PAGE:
L'A. se propose de faire l'exegese du chapitre XVIII du Premier Livre des Chroniques afin d'interpreter la signification des conseils donnes par David a Salomon au sujet du Temple de Jerusalem. Il s'agit pour lui, dans un premier temps, de faire la critique textuelle de ce passage en recourant a l'analyse comparative entre ses diverses versions bibliques : Texte Massoretique, Septante, etc... Puis il montre comment la pericope se repartit en sous-ensembles qui s'articulent entre eux par des relations syntaxiques determinees
The law of the Sotah (Num. v 11-31), which appears to be an ordeal law accompanied by a ritual, was edited from two laws of a suspected adulteress: the water ordeal law (original stratum) and the ritual-oath law (editorial stratum). The water ordeal law stipulates that in the case in which a woman is accused of adultery by the public she must undergo a water ordeal, whereas the ritualoath law stipulates a less severe case in which a husband only doubts his wife and the wife may be released with only an oath as a part of a ritual. The two laws strikingly parallel the Laws of Hammurapi 131 and 132 respectively. A linguistic analysis carried out on the two strata reveals that they exhibit different literary styles, and that this stylistic difference reflects the linguistic contexts of earlier and later periods. Although the water ordeal stratum belongs to P, several distinct features of the editorial ritual-oath stratum are best explained by I. Knohl's theory in relation to the Holiness School.
The following sample editions illustrate the theory and method of the Oxford Hebrew Bible. The Deuteronomy sample, edited by Sidnie White Crawford, concerns a text with one ancient edition, while the Kings sample, edited by Jan Joosten, and the Jeremiah sample, edited by Eugene Ulrich, concern texts with two ancient editions. The arguments that justify the editorial decisions are presented in the apparatuses and text-critical commentaries. (The detailed introductory chapters are not included.) The critical texts, following the conventions discussed in the previous article, contain the following sigla: a superlinear circlet to indicate an entry in the apparatus where the critical text reproduces the copy-text, and a superlinear squarelet to indicate an entry in the apparatus where the critical text differs from the copy-text. Readings in the critical text that differ from the copy-text lack the vocalization and accents of the copy-text. For the sigla and abbreviations used in the apparatus, see the OHB website (http://ohb.berkeley.edu).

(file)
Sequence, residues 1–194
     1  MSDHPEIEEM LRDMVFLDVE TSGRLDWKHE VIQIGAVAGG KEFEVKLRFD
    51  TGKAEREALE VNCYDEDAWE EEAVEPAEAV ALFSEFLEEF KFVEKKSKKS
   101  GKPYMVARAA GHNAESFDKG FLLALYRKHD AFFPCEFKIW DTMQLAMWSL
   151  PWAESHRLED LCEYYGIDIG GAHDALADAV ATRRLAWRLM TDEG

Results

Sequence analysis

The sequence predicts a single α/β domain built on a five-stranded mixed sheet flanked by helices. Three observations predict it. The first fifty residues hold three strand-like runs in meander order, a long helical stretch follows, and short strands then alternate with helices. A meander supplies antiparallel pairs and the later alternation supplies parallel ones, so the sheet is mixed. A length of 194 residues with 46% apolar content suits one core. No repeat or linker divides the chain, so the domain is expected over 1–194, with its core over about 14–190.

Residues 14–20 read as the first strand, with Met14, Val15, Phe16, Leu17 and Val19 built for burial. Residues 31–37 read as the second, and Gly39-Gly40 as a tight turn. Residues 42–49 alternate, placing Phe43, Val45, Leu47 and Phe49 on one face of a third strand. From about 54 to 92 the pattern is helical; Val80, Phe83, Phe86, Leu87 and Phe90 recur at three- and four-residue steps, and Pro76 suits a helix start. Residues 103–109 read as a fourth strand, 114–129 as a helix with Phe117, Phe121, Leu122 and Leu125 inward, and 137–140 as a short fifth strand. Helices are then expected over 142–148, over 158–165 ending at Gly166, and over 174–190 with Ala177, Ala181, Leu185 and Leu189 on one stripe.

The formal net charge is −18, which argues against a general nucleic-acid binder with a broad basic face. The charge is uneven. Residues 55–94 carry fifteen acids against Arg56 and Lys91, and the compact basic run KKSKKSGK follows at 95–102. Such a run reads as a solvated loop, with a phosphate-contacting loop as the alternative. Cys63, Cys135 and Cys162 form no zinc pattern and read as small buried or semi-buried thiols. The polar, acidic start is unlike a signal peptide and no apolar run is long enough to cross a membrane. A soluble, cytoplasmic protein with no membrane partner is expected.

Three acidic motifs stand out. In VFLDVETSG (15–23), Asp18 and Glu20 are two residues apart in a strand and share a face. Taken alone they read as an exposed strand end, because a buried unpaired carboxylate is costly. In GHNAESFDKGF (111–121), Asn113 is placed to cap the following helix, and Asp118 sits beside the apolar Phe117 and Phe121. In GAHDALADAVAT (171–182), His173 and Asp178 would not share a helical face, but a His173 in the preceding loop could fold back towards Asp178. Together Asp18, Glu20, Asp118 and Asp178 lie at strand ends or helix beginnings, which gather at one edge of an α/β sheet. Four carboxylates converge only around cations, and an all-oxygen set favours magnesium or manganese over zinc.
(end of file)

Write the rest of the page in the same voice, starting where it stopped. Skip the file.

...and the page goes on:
The vision of the ephah (Zech. 5:5-11) is probably the most obscure of all of Zechariah's visions. Its symbolic meaning is not mentioned, and the prophet himself does not comprehend it. Some commentators hold that the prophecy is a rebuke to the Judeans, others hold that the intention is to foretell the fall of Judah's enemies. All interpretations of the vision do not address the problem, namely that wickedness will be reestablished in Shinar and will not be eliminated as expected. Why would the prophet propose that a house be built for the sinner outside the land rather than inflict on wickedness the punishment prescribed in other biblical sources? The thesis advanced in this paper is that the vision of the ephah is an anti-Samaritan prophecy. The woman in the ephah represents the Samaritans; the vision foresees their return to their original home in Babylon, where their temple would be erected. This interpretation provides a full explanation of the tension between the reference to the woman as wickedness and her happy ending in her permanent home in the Land of Shinar. The prophet wanted to advance the theological argument that the ultimate solution of the dispute between the two groups would be for the Samaritans to build their own house, that is, their own separate temple, in Shinar—their original historical homelands, and far away from Yehud.